Over the last four years, Chubb CEO Evan Greenberg has railed against U.S. President Donald Trump’s actions and his administration’s policies.

Jan. 6 was no different.

Evan Greenberg/Chubb

After a Trump rally spurred a riot that disrupted congressional certification of the presidential election results, Greenberg condemned the violence and false claims of election fraud.

“As citizens of our great nation, all of us have a responsibility to speak out against and condemn in the strongest terms the violence and display of demagoguery we witnessed in our nation’s capital yesterday. This is not who we are as a nation and our democracy must be protected,” Greenberg said in a Jan. 7 statement issued by Chubb. “Whether one likes the results of our election or not, the citizens of our country have spoken.”

Greenberg reiterated that the U.S. presidential election “was fair and lawful” and that citizens expect “elected leaders from both parties to set an example by their respect and active support for the orderly transfer of power and their condemnation of false claims of election fraud.”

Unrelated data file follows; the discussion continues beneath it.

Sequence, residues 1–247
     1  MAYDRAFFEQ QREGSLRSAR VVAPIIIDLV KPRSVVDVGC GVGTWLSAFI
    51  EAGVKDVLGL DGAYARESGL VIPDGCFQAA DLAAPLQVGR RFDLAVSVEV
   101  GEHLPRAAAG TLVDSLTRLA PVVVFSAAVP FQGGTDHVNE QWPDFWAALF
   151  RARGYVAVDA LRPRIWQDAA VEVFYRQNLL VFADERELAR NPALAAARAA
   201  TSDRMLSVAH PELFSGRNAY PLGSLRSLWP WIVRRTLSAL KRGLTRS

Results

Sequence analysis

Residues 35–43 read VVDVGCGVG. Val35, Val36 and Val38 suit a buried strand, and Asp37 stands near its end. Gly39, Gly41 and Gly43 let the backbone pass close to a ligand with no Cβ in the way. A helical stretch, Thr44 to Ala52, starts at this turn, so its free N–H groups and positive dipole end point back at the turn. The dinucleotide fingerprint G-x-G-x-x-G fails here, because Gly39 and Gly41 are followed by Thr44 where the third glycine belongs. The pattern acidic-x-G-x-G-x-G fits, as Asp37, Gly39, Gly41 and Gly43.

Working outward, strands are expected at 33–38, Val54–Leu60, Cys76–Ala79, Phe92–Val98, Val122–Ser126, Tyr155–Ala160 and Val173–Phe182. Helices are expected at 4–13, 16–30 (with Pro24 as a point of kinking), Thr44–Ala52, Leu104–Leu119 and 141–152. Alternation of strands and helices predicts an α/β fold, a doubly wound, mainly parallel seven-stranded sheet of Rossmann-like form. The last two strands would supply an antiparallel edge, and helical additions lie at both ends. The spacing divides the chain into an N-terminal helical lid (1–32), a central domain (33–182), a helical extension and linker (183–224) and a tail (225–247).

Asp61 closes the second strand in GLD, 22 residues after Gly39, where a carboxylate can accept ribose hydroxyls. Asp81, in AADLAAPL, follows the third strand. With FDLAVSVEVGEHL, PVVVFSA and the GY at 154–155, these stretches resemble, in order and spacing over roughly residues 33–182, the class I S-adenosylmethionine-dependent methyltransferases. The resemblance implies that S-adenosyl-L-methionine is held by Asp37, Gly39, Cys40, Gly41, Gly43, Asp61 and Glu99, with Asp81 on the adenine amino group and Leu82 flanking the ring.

Greenberg said that congressional action after the riot and disruption to finally confirm electoral results “was a powerful affirmation” of the country’s democracy.

“We should all hope for a new era of respect and decency as we meet the many common challenges facing our nation,” Greenberg said.

In April 2019, Greenberg railed against Trump’s restrictive immigration policy, calling for one instead that promoted security but also welcomed those who pursue freedom and opportunity. In April 2018, Greenberg voiced dissatisfaction about the “America First” direction of the United States spearheaded by Trump, asserting it was causing damage to U.S. trade and politics.

In February 2017 – a month after Trump’s inauguration – Greenberg blasted the Trump administration’s initial attempt to restrict immigration, calling the action a “mistake.” He also criticized the nationalist and protectionist sentiment that Trump helped propel before and after his election.